Energy demands will change with 13.2M electric vehicles by 2030
EY report says rapid adoption could also cause an 11% spike in Canadian electricity demand.
CALGARY — The rapid adoption of electric vehicles could mean as many as 13.2 million EVs on the road by 2030 according to EY research.
The Canadian electric vehicle transition — the difference between evolution and revolution report outlines how all EV adoption scenarios — rapid, moderate or slow — will have an important impact on Canadian oil and gas and power and utilities companies in the years ahead. EY notes Canada is the tenth fastest adopter of EVs in the world, with sales growing 165% year-over-year in 2018.
The research suggests rapid adoption – with EVs representing 30% of Canada’s vehicle stock, compared to less than 3% today – would reduce domestic oil consumption by roughly 252,000 barrels per day and could trigger convergence of energy and power utilities companies.
“Diversifying portfolios will be crucial for oil and gas companies in a rapid-adoption future,” says Lance Mortlock, EY Canada oil and gas leader. “To stay relevant and ensure profitable revenue streams, they’ll need to invest more in clean energy, petrochemical products and access to tidewater to enter new markets.”
Rapid adoption could also cause an 11% spike in Canadian electricity demand, requiring utilities to make significant investments in existing grid infrastructure to allow consumers to charge cars at home and in public spaces.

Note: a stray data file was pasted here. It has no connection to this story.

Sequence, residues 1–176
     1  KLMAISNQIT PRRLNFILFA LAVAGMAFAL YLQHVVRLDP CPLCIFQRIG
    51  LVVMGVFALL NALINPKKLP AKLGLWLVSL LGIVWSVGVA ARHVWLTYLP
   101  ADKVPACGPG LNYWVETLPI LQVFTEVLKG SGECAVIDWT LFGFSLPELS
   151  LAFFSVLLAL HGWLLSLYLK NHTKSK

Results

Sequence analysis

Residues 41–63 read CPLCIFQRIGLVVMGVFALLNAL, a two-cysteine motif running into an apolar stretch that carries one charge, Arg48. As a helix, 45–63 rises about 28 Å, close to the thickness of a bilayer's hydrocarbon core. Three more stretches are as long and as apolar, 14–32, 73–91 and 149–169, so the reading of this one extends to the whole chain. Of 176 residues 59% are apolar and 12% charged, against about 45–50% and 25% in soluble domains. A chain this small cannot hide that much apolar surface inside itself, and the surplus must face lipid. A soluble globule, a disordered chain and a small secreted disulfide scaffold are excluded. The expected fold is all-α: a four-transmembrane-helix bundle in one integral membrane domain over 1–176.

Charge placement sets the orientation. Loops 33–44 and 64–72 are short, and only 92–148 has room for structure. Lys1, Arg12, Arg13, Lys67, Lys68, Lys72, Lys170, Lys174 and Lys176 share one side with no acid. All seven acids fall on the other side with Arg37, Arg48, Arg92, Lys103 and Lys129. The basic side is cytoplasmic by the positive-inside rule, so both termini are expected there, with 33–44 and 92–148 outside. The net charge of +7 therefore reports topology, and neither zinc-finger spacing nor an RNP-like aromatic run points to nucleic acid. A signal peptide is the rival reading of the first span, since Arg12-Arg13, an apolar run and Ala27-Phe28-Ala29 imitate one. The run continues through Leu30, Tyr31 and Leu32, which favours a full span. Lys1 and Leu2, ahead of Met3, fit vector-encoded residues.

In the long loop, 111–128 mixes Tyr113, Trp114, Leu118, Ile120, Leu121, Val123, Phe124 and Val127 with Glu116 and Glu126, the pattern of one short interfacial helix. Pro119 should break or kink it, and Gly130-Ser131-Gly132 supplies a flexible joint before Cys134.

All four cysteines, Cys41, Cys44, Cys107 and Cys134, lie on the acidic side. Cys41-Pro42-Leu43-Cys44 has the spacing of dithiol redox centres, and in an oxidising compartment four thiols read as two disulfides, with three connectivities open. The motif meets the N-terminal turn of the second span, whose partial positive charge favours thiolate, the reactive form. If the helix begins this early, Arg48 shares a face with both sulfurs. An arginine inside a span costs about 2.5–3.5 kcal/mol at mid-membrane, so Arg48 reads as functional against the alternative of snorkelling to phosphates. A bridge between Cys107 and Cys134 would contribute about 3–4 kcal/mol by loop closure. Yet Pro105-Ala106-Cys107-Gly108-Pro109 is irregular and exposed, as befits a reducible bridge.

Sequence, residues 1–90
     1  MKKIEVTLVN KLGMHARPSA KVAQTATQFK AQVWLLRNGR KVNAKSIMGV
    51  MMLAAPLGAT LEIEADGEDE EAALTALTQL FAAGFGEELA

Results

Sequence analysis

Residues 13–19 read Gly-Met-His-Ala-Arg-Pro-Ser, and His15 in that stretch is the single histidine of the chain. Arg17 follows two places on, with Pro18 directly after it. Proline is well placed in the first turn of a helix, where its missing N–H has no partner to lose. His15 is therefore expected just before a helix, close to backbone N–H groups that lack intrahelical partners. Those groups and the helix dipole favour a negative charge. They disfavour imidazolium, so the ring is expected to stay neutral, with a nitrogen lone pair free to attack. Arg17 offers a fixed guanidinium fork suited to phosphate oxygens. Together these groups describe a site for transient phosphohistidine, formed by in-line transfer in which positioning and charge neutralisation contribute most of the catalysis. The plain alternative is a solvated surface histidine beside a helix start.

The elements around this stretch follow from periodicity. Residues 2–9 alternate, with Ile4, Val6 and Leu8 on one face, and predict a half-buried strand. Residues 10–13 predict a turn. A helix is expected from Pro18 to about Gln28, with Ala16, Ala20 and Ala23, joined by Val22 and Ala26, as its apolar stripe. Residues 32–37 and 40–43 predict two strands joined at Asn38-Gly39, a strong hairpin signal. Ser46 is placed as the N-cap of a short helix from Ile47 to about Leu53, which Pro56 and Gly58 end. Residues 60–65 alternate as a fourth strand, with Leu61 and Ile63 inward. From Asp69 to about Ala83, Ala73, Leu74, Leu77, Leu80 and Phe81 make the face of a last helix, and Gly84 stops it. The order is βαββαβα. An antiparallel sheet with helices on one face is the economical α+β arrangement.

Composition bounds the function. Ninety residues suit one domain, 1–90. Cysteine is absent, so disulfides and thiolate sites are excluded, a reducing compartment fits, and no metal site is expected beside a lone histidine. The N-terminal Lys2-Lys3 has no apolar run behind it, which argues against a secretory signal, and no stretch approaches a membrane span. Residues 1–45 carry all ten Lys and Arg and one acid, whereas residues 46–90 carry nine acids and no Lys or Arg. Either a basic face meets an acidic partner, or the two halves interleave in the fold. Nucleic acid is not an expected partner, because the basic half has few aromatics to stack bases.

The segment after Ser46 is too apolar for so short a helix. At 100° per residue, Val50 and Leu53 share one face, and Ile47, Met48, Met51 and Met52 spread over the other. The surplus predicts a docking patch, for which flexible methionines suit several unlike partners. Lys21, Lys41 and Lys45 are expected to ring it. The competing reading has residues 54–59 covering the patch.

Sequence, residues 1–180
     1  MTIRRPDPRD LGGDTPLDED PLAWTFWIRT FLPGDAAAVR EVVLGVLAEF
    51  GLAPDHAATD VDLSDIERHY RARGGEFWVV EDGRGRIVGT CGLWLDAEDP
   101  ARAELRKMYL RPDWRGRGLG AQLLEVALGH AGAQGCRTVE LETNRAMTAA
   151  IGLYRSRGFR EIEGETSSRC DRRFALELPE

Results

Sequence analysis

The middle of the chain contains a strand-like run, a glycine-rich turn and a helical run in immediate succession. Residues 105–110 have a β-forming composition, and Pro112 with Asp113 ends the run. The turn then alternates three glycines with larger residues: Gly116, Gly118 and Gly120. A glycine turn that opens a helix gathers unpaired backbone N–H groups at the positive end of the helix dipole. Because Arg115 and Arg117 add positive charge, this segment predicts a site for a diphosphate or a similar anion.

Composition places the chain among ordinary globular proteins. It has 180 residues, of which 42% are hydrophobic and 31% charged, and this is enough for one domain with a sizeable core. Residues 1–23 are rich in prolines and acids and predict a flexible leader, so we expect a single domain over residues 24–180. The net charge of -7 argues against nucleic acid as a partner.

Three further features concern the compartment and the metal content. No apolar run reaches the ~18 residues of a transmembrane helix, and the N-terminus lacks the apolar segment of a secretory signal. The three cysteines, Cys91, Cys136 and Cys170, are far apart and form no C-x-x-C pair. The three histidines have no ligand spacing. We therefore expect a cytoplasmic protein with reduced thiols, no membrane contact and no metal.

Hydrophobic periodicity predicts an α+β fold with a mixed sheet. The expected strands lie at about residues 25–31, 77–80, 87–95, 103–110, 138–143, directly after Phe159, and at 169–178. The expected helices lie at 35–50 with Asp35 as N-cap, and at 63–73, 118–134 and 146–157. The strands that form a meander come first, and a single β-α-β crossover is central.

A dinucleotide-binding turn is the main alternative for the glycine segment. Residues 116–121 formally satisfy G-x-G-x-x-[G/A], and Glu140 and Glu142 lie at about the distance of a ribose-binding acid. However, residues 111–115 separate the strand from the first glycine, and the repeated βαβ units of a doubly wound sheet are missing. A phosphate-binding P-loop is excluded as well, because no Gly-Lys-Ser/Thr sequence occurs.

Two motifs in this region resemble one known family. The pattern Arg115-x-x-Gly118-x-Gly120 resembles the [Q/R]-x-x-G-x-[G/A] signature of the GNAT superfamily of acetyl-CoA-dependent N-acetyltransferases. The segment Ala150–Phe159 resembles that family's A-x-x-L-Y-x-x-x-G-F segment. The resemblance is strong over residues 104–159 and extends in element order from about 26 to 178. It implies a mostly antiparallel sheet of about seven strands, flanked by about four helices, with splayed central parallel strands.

Distribution network upgrades would also be required to improve power transmission across the country, including to rural areas.
“A dramatic increase in electricity demand would likely result in new power and utilities players coming to market,” says Daniela Carcasole, EY Canada power and utilities leader. “This could open up a number of collaboration opportunities for existing companies — either through M&A or joint ventures with hotels, restaurants, technology companies and retail stores to offer easy and convenient vehicle charging to consumers.”
Even a moderate adoption scenario — with 6.5 million EVs on Canadian roads by 2030 — would require a 5.5% increase in electricity demand.